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Old 05 July 2007, 11:01   #1
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Cavitation

Ever wondered what cavitation actually looks like?



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Old 05 July 2007, 12:24   #2
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Liz,

Is that cavitation or the normal picture you would get with a running prop ?

I would have thought cavitation would be masses of bubbles.

I found a couple of piccies showing cavitation and they aren't as dramatic as I thought either.
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Old 05 July 2007, 12:59   #3
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Looks like a blender in action!!!

http://www.joecartoon.com/cartoons/67-frog_in_a_blender
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Old 05 July 2007, 13:02   #4
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What all those pictures show is that you don't need lots of air bubbles to start losing grip.
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Old 05 July 2007, 13:27   #5
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I find that a lot of people get confused between cavitation and ventilation. What most boats suffer when put into a tight turn is ventilation rather than cavitation.

Cavitation is what you suffer due to poor propellor design which causes the water to affectively boil and turn from liquid to a gas causing little explosions on your propellor blade which result in premature erosion of your propellor.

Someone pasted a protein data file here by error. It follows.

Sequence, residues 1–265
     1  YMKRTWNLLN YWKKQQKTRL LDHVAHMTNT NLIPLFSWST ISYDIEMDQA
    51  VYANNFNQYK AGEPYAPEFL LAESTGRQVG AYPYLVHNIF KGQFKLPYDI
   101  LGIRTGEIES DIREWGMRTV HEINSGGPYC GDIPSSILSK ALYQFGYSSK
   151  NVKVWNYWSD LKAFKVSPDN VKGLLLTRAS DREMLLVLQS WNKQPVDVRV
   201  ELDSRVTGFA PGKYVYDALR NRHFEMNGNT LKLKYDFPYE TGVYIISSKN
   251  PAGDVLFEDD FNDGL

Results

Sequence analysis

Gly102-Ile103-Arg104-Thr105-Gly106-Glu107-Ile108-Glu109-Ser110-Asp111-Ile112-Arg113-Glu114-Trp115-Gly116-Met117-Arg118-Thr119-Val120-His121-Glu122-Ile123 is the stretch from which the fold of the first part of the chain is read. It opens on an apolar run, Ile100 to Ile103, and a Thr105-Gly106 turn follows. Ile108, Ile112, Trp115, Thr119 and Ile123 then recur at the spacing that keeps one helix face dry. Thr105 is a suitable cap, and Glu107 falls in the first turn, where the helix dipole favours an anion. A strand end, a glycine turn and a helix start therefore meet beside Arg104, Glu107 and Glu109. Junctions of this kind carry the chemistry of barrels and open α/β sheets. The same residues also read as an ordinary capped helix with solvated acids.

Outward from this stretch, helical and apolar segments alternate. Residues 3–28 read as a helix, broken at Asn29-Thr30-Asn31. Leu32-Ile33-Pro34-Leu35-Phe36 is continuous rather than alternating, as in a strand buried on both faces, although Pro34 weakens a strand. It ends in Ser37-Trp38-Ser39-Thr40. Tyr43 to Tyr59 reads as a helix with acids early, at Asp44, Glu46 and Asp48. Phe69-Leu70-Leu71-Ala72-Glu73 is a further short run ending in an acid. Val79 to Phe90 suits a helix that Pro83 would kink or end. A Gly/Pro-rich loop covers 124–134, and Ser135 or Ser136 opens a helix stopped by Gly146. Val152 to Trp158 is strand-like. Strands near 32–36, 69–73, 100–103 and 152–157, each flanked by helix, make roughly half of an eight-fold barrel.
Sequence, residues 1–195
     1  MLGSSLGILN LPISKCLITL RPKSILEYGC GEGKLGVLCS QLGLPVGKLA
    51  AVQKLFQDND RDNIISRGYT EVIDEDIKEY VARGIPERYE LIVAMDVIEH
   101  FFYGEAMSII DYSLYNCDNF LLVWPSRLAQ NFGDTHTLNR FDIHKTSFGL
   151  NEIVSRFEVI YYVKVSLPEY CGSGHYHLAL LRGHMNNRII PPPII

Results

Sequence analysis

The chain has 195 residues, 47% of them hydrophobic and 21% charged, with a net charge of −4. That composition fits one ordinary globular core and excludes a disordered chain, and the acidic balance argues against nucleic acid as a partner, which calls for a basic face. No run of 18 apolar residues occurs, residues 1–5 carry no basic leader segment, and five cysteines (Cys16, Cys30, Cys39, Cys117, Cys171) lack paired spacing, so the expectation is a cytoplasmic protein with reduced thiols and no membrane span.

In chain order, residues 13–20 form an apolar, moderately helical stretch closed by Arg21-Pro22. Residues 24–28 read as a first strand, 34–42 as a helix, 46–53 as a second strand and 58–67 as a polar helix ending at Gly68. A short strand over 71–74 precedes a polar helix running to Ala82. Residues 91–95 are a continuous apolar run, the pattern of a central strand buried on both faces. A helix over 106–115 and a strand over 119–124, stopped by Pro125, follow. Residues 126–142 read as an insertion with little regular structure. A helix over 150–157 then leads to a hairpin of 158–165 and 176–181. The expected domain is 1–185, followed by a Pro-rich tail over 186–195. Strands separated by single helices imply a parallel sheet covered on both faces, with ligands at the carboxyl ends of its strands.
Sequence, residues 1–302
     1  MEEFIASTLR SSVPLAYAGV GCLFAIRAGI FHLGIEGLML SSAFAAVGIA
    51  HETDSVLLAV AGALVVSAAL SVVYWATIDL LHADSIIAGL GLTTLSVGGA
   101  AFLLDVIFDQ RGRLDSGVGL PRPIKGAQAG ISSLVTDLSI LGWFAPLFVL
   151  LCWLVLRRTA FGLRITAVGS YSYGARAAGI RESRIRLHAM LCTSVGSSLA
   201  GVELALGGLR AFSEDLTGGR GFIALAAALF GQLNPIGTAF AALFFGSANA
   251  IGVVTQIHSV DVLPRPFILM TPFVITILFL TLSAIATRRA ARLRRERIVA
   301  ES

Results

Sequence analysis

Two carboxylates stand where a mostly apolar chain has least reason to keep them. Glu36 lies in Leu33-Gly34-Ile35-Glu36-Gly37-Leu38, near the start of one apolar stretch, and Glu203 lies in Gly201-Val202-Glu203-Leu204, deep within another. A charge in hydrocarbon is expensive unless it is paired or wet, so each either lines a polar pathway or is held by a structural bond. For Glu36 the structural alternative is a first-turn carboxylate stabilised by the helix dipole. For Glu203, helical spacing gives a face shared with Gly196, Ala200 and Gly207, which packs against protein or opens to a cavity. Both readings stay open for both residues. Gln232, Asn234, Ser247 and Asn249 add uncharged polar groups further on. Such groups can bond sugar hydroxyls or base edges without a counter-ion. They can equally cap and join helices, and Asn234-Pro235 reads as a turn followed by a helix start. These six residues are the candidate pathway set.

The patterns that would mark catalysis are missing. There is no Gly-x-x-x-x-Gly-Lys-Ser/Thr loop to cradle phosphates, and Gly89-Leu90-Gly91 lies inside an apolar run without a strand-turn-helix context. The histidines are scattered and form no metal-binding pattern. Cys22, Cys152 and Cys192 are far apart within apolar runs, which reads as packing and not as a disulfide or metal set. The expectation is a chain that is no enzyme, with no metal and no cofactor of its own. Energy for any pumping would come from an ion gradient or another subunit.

Ventilation however is when you get air entrailment from the propellor being shallow enough in the water that it becomes easier to pull in air from the air/water interface rather than spin around in the water turning rotational movement in one axis into thrust in another axis known as forward thrust. When you lose the grip on the water due to this air entrailment (ventilation), the boat tends to slowslightly and as a result put the propellor lower in the water and thus make the prop grip the water again (and stop ventilation due to the increased distance between the prop and the air/water interface).

Hopefully this makes sense - i can't help being an engineer - Univeristy has done this to me!
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Old 05 July 2007, 13:58   #6
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Cool photos and explanation!

Merlin doesn't like ventilation...

K & P
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Old 05 July 2007, 14:04   #7
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Funny how Zerstorer suffered quite bad ventilation if trimmed out at all with its original prop but a different prop improved this dramatically.
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Old 05 July 2007, 15:11   #8
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The pics are actually taken in VT Halmatic's test tank in Portsmouth in stationary water.
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Old 05 July 2007, 17:52   #9
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And if you want to know what each of those little bubbles is doing when it collapses then try this image. You can see from this high-speed camera that the middle of the bubble jets down through the middle of the bubble. It is as this jet hits the solid surface underneath that the characteristic pit marks are made as this jet can be traveling at incredible speeds. This frame is taken just before the bubble collapses completely.

Incredibly the collapse can be so violent with enough heat generated to cause a pulse of light to be emitted - this is sonoluminescence.

Now we know why those bubbles can be such destructive little b*ggers
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